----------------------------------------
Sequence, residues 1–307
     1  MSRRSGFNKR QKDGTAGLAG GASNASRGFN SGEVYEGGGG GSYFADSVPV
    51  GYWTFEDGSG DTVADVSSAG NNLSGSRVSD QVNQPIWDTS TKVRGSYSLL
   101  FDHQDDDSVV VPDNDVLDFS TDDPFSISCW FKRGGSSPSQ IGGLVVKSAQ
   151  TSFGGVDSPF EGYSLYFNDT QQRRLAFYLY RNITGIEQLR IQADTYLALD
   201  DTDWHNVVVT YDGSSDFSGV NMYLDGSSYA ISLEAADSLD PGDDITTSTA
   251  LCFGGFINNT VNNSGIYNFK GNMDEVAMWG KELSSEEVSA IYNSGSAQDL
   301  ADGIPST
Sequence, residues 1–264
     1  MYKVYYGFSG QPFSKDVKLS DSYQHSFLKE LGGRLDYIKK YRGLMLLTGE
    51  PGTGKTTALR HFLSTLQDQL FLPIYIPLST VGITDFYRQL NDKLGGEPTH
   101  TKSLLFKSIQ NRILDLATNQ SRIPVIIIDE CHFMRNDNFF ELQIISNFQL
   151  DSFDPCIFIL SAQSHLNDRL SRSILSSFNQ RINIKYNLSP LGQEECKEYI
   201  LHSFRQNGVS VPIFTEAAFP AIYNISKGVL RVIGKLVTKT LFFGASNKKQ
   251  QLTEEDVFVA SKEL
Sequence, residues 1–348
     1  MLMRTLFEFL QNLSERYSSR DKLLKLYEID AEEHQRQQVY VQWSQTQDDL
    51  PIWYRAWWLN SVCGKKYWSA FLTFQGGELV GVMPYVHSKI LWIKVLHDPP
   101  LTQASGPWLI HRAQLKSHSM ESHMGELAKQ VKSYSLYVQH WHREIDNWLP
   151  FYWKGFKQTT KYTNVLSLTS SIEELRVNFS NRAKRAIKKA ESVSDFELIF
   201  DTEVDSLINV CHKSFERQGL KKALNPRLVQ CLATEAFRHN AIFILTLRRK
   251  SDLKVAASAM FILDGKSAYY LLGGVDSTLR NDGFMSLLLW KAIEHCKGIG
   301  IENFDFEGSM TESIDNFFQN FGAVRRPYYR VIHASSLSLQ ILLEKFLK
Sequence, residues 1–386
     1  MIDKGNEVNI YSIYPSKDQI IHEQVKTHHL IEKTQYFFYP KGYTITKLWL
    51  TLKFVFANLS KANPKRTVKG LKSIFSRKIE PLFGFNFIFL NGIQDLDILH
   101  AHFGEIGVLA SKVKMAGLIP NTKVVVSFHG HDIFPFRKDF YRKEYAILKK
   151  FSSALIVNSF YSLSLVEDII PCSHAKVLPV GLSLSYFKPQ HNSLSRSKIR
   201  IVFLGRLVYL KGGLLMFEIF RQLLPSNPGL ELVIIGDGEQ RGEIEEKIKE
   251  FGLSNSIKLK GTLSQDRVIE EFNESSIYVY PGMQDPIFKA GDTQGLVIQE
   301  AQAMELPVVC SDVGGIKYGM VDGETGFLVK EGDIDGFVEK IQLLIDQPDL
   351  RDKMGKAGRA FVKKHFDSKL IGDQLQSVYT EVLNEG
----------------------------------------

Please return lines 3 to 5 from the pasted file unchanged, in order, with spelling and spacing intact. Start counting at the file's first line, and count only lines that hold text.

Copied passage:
    51  GYWTFEDGSG DTVADVSSAG NNLSGSRVSD QVNQPIWDTS TKVRGSYSLL
   101  FDHQDDDSVV VPDNDVLDFS TDDPFSISCW FKRGGSSPSQ IGGLVVKSAQ
   151  TSFGGVDSPF EGYSLYFNDT QQRRLAFYLY RNITGIEQLR IQADTYLALD